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Int J Epidemiol. 1990 Jun;19(2):412-6.

Can changes in the unemployment rates explain the recent changes in suicide rates in developed countries?

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  • 1Department of Community Medicine, Dundee University Medical School, Ninewells Hospital, UK.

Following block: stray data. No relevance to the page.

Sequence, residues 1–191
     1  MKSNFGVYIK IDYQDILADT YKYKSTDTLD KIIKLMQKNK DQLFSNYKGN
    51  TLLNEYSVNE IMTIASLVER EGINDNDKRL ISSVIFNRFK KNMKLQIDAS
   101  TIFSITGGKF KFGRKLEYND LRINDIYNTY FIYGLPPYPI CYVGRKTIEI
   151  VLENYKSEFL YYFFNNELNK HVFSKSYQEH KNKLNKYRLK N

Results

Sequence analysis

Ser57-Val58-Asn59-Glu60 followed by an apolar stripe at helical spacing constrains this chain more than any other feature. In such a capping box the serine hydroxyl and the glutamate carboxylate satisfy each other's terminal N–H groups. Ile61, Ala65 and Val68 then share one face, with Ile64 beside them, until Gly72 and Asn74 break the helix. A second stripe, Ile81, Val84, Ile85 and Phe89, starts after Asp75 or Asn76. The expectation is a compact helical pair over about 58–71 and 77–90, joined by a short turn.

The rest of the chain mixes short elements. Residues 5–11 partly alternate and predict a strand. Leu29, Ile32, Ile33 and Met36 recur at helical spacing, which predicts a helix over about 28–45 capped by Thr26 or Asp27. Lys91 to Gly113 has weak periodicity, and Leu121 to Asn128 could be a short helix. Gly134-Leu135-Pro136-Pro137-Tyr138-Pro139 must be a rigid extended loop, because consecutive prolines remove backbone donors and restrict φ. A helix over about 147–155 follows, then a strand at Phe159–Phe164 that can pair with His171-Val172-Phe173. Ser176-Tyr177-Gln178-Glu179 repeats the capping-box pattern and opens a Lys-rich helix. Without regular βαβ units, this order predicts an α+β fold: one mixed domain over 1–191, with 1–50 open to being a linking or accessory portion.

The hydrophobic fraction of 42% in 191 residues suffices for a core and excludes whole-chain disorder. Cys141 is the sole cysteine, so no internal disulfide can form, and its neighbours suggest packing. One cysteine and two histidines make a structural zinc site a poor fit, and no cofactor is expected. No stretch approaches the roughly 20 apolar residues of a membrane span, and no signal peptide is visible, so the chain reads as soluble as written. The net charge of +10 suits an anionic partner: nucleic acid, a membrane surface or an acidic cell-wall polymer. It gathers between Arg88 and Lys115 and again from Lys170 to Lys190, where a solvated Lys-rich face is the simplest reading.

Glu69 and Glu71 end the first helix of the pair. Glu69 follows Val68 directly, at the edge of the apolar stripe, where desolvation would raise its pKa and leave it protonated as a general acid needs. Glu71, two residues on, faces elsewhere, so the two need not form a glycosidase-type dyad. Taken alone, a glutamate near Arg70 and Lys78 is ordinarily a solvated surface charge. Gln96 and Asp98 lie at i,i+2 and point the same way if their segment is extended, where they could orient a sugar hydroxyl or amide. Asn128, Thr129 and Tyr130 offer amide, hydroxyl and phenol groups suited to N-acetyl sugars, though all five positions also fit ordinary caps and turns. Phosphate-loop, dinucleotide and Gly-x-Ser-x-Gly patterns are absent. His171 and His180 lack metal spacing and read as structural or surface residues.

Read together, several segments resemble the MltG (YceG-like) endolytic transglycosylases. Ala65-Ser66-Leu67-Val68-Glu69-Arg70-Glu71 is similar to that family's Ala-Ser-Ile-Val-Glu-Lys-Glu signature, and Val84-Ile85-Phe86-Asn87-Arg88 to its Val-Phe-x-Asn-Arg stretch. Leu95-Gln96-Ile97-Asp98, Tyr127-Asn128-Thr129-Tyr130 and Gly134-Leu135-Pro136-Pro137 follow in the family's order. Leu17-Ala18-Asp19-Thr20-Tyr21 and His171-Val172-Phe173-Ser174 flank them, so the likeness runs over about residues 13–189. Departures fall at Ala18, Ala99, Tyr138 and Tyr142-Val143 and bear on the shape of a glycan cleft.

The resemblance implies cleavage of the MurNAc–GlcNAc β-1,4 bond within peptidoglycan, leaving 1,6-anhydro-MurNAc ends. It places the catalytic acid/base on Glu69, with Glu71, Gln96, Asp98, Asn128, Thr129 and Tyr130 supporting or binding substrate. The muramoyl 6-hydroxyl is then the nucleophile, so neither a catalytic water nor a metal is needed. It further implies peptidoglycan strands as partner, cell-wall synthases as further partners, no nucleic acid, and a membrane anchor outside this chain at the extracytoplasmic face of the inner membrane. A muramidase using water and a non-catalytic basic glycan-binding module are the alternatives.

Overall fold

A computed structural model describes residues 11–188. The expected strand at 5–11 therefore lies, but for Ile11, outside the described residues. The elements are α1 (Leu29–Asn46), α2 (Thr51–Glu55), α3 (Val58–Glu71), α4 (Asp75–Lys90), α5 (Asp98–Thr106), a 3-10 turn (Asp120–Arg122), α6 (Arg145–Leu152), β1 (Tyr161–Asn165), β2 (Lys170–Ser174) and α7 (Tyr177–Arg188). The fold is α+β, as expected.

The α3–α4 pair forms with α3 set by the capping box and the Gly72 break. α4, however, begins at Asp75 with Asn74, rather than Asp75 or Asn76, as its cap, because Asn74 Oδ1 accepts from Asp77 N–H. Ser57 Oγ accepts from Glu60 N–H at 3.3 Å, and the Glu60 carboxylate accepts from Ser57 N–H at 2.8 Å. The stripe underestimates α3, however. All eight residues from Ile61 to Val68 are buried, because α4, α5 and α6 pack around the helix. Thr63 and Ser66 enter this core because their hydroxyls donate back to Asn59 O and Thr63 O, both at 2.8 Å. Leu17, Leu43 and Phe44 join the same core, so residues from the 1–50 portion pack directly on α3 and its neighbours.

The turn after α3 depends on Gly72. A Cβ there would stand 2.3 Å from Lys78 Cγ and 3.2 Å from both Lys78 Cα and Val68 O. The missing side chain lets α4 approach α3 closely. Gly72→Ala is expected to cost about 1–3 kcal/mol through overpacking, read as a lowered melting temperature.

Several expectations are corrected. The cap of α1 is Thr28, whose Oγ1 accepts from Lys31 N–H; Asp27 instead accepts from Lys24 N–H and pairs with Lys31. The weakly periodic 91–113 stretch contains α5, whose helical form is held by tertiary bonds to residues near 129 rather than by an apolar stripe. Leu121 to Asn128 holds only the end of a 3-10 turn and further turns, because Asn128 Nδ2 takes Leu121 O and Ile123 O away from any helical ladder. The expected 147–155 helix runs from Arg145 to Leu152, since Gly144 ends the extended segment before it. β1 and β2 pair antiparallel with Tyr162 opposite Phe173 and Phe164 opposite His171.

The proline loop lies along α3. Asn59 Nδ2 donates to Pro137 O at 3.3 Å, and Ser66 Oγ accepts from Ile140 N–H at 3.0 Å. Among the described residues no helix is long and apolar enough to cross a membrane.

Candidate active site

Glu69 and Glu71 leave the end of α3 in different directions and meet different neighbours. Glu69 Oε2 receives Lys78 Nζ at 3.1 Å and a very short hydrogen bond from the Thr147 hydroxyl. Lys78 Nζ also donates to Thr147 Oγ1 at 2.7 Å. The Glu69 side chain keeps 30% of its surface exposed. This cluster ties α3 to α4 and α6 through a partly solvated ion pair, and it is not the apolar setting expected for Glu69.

Data were collected on unemployment and suicide rates in 16 developed countries for 1973 and 1983 (suicide rates were three-year averages). Unemployment rates rose appreciably in men and women in all countries. Among men suicide rates rose in 14 of the countries whereas among women they did so in only seven. A mathematical model was developed to investigate, for those countries with increased suicide rates, how much of the increase could be contributed by an increase in the numbers unemployed. It was found that the proportion of the increase that could be 'explained' varied considerably between countries. In general the amount of the increase explained was small, and often a considerable increase in the suicide rates among those employed would be required to account for the observed increase in the suicide in the whole population. It is concluded that unemployment shows an inconsistent relationship with suicide. Further, if a relationship does exist in some countries the effect may be as much a generalized one on the whole population as a specific effect on the unemployed. Finally the possible effects of unemployment on suicide differ appreciably between men and women.

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